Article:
110 S. Main Street,
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Previously operated by: Orpheum Circuit
Firms: Keysor & Morgan
Previous Names: Childs' Opera House, Grand Opera House, Orpheum Theater, Teatro Mexico, Grand International Theatre
It is likely that few now living have any memory of this long-vanished theater. Opened in 1884, as Childs' Opera House, this theater was at the time the largest yet built in the growing city of Los Angeles. It was built by local entrepreneur and real estate man Ozro W. Childs, one of the city’s most successful developers.
The building was typical of large theaters in the late 19th century, designed in an eclectic Victorian style combining elements of Classicism, the Gothic, and "artistic" decoration, and all the modern conveniences, including gas lights. The auditorium featured a good-sized balcony, and side boxes, and the lobby and lounges were appointed in the latest fashions as dictated by the larger cities of the east.
Operas, plays, and musical performers all appeared on the stage of the Grand, including, in 1887, the famous Edwin Booth. However, perhaps the most significant fact of the theater’s history for Angelenos is that, in December of 1894, it became the first Los Angeles home of the Orpheum Vaudeville Circuit. The Orpheum’s performers trod the boards of the Grand until 1903, when the circuit moved its local operations to the former Los Angeles Theater on Spring Street.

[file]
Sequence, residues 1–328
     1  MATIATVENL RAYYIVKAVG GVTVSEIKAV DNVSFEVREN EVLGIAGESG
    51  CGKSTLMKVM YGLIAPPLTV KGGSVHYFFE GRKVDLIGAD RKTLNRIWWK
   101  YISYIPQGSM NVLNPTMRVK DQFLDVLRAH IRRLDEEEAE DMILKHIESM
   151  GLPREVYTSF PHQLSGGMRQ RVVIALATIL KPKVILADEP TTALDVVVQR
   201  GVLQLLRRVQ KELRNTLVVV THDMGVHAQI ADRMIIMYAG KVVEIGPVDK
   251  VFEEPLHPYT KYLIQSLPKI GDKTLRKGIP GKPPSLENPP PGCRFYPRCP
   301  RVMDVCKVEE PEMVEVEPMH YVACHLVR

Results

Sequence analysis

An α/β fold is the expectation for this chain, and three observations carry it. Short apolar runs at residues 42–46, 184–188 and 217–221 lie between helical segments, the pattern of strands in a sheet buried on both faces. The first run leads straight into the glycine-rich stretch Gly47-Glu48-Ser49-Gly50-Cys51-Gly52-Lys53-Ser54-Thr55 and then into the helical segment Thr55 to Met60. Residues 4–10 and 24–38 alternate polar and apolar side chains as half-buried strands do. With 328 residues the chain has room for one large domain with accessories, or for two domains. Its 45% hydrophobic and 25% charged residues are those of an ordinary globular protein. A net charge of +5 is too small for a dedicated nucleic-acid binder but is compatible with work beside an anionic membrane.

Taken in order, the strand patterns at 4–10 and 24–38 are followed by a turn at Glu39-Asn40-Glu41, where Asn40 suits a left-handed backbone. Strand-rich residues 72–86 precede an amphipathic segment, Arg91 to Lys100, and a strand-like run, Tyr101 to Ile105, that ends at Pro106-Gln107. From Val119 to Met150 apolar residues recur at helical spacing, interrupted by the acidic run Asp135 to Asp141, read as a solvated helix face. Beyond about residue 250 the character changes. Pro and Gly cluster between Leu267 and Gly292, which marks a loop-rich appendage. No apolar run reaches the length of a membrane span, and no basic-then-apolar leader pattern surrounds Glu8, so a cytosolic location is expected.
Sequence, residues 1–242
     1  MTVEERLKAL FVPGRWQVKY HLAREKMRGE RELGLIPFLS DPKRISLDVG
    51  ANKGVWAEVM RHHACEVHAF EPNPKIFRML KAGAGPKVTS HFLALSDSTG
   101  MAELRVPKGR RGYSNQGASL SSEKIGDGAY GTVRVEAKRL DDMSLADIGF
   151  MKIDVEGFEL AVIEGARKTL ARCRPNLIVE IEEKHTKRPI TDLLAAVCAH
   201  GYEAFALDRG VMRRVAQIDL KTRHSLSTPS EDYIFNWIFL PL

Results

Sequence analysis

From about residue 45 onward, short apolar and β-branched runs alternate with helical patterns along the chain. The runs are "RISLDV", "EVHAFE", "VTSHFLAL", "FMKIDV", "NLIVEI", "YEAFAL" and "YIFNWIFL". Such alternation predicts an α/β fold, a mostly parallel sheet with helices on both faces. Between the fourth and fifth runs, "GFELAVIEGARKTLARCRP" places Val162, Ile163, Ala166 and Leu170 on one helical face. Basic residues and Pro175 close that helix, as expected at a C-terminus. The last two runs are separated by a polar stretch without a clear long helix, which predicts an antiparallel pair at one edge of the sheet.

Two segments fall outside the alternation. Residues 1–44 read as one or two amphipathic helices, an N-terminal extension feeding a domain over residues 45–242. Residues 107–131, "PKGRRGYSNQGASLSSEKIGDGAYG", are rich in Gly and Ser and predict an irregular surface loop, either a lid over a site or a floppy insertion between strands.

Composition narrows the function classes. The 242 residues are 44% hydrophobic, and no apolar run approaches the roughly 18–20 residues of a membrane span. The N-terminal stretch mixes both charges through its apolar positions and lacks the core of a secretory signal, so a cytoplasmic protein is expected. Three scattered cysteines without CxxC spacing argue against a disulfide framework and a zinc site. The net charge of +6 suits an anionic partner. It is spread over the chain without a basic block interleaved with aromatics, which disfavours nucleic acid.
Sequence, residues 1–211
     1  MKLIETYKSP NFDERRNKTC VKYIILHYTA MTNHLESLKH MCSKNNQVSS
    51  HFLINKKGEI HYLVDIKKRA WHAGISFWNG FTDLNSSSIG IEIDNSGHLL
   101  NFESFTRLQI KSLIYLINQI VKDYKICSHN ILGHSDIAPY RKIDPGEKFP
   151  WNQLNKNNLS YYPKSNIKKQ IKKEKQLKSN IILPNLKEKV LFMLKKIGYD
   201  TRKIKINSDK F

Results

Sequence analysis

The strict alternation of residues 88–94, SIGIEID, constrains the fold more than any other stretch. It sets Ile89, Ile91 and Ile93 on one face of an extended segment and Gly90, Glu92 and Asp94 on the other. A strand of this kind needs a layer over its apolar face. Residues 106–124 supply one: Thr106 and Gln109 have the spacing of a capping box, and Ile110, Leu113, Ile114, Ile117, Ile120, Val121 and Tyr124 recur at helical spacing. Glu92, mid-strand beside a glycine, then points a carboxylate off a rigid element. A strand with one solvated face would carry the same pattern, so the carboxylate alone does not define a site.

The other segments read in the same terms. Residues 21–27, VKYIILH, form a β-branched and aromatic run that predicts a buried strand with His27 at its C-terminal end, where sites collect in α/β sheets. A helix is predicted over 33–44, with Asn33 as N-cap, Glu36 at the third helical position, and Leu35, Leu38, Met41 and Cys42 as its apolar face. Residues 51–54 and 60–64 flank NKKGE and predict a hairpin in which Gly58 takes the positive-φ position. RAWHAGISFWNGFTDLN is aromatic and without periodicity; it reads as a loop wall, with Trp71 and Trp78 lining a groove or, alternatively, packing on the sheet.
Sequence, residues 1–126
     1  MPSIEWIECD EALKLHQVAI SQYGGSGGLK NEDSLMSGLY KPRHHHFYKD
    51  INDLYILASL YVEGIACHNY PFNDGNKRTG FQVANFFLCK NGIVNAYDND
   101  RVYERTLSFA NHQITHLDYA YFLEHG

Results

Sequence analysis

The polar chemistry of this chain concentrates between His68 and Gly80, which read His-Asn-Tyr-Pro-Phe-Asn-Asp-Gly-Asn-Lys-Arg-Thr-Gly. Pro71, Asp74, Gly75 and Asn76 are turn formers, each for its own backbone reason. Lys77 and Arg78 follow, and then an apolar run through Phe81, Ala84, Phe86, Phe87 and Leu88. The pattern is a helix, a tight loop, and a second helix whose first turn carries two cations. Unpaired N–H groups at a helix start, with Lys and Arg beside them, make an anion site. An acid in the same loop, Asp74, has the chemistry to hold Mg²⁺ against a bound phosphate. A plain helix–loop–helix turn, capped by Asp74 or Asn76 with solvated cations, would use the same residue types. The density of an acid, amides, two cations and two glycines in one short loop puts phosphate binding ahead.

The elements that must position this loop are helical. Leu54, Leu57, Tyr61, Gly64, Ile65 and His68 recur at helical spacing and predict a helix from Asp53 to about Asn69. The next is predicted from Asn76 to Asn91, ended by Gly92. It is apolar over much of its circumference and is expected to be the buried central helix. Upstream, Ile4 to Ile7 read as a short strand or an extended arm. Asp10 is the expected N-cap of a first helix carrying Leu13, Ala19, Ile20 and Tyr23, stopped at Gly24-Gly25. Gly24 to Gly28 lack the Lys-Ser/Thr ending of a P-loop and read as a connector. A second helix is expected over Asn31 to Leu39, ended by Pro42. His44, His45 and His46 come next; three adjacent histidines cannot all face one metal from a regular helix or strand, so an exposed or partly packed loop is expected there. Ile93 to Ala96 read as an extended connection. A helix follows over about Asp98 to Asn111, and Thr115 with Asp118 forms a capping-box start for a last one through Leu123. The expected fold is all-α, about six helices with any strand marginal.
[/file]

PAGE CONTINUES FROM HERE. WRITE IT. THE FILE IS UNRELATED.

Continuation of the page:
As the theater district of Los Angeles shifted south and west, and larger, more modern theaters such as the Burbank, the Hippodrome and, in 1905, the new Mason Opera House on Broadway opened, the fortunes of the Grand Theater declined. By 1910, it had become a movie house, and by 1920, second run movies were being shown for an admission price of ten cents.
In its later years, the Grand Theater found some success with programs of Spanish language movies and presented popular Mexican vaudeville acts for the growing Spanish speaking population of the city. But, as the prosperous 1920’s faded into the deepening depression of the 1930’s, the old house once again fell on hard times. In 1936 it was operating as the Grand International Theatre screening foreign movies and the long and varied career of the Grand Theater came to an end, and shortly after being closed, the theater was demolished.
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